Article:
To be honest, Ceph isn’t perfect for everyone. It’s not the most efficient at using flash or CPU (but it’s getting better), the file storage feature isn’t fully mature yet, and it is missing key efficiency features like deduplication and compression. And some customers just aren’t comfortable with open-source or software-defined storage of any kind. But every release of Ceph adds new features and improved performance, while system integrators build turnkey Ceph appliances that make it easy to deploy and come with integrated hardware and software support.
What’s Next for Ceph?

EMC- Battle of the Titans: Real-time Demonstration of Ceph vs. ScaleIO Performance for Block Storage


Ceph continues to evolve, backed by both Red Hat (which acquired Inktank in 2014) and by a community of users and vendors who want  to see it succeed.  In every release it gets faster, gains new features, and becomes easier to manage.

The Future of Cloud Software Defined Storage with Ceph: Andrew Hatfield, Red Hat



Ceph is basically a fault-tolerant distributed clustered filesystem. If it works, that’s like a nirvana for shared storage: you have many servers, each one pitches in a few disks, and the there’s a filesystem that sits on top that visible to all servers in the cluster. If a disk fails, that’s okay too.

Those are really cool features, but it turns out that Ceph is really more than just that. To borrow a phrase, Ceph is like an onion – it’s got layers. The filesystem on top is nifty, but the coolest bits are below the surface.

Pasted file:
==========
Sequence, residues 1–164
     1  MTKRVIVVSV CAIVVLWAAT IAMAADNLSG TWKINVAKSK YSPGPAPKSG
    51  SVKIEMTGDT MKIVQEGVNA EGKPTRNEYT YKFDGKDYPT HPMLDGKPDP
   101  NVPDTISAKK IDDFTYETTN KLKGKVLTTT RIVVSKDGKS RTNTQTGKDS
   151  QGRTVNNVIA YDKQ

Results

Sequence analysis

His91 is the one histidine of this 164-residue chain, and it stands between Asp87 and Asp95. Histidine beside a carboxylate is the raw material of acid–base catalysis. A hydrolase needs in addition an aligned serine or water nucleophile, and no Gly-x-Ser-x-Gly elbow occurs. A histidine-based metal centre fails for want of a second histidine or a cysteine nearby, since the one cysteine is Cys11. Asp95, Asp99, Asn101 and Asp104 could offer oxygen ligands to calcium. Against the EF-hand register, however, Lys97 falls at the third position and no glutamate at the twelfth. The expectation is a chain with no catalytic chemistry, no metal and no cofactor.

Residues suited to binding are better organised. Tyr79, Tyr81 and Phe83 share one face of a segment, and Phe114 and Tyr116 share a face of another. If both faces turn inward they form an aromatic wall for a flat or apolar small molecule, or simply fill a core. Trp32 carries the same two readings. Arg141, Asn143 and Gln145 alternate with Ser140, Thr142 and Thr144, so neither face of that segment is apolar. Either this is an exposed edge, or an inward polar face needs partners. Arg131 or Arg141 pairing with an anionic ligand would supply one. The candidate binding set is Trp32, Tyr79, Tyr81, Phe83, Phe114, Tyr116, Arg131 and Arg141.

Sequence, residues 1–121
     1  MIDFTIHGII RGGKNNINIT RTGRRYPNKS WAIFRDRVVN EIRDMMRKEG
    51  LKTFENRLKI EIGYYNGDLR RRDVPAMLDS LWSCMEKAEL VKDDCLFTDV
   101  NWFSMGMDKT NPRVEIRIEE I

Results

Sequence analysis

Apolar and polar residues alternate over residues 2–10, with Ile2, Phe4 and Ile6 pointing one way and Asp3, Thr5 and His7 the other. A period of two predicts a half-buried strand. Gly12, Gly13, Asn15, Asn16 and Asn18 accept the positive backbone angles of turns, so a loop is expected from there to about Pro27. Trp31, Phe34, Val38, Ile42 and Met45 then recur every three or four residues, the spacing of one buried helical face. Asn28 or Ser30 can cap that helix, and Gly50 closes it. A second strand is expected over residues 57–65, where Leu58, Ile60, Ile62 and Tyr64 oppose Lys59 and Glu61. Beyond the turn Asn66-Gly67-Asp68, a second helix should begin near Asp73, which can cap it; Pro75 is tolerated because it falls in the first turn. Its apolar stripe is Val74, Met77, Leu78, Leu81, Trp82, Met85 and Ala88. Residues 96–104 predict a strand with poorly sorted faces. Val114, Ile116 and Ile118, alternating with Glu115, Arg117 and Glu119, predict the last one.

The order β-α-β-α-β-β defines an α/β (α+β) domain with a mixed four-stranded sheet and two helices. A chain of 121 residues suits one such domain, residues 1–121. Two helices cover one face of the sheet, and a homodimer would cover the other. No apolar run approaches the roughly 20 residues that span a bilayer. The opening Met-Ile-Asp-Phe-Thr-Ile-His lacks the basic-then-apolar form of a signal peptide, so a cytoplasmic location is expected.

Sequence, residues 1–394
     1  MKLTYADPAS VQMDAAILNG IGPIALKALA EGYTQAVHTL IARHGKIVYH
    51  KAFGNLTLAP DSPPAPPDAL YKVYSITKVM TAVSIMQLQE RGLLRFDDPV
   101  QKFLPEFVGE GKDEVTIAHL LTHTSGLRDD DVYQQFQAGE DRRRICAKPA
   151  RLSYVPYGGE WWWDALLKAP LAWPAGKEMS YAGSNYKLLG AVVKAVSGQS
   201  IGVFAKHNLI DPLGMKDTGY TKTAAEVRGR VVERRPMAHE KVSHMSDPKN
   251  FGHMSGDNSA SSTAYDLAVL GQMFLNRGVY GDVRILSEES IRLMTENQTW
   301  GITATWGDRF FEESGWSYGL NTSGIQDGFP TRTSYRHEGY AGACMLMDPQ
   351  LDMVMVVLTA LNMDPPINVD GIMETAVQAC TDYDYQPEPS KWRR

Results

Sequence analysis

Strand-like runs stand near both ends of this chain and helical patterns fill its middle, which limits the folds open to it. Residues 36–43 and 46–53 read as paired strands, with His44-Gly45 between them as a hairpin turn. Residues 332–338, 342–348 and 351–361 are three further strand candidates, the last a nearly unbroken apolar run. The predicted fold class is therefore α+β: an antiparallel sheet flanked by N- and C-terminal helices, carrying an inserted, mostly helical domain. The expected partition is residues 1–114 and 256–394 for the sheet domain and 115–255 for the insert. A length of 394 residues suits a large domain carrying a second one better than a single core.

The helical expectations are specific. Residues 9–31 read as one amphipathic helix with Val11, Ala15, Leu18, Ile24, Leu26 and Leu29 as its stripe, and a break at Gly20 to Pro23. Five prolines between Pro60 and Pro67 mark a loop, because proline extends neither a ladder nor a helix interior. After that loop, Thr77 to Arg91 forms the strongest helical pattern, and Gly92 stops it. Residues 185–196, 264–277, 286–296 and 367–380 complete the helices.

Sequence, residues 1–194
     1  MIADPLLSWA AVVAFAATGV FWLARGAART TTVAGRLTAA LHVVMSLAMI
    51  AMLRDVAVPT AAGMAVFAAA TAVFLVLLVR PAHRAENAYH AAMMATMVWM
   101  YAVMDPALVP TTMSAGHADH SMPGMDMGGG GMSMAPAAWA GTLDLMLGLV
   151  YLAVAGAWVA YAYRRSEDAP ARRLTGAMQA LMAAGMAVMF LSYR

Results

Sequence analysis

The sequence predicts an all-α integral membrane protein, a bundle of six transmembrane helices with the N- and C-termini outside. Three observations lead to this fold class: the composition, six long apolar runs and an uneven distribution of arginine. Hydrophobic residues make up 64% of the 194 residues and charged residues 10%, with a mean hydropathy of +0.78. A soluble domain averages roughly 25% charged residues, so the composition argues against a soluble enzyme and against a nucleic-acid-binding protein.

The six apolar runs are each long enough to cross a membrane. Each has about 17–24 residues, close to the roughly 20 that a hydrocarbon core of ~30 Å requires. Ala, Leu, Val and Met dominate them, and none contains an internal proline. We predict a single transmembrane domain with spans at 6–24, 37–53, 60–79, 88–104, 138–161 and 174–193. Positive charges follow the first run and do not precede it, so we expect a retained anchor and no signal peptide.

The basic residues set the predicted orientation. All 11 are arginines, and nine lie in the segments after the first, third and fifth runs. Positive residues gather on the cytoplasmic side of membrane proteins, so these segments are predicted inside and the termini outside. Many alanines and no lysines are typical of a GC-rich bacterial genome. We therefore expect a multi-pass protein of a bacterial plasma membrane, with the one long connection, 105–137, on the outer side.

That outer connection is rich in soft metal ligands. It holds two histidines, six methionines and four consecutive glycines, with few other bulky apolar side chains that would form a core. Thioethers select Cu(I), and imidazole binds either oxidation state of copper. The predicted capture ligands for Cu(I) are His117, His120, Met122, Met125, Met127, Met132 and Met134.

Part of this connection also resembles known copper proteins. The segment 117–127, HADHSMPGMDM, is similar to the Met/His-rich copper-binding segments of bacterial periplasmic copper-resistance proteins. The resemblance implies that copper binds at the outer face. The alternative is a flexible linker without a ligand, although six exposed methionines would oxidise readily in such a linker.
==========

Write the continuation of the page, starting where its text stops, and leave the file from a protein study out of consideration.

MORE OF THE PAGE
If Ceph proves to be solid enough for use, we’ll need to train our sysadmins all about Ceph. That means pretty diagrams and explanations, which we thought would be more fun to share you.

Building exascale active archives with Red Hat Ceph Storage



Diagram
This is the logical diagram that we came up with while learning about Ceph. It might help to keep it open in another window as you read a description of the components and services.



Ceph components
We’ll start at the bottom of the stack and work our way up.

OSDs
OSD stands for Object Storage Device, and roughly corresponds to a physical disk. An OSD is actually a directory (eg.
/var/lib/ceph/osd-1
) that Ceph makes use of, residing on a regular filesystem, though it should be assumed to be opaque for the purposes of using it with Ceph.

Use of XFS or btrfs is recommended when creating OSDs, owing to their good performance, featureset (support for XATTRs larger than 4KiB) and data integrity.

We’re using btrfs for our testing.

Using RAIDed OSDs
A feature of Ceph is that it can tolerate the loss of OSDs. This means we can theoretically achieve fantastic utilisation of storage devices by obviating the need for RAID on every single device.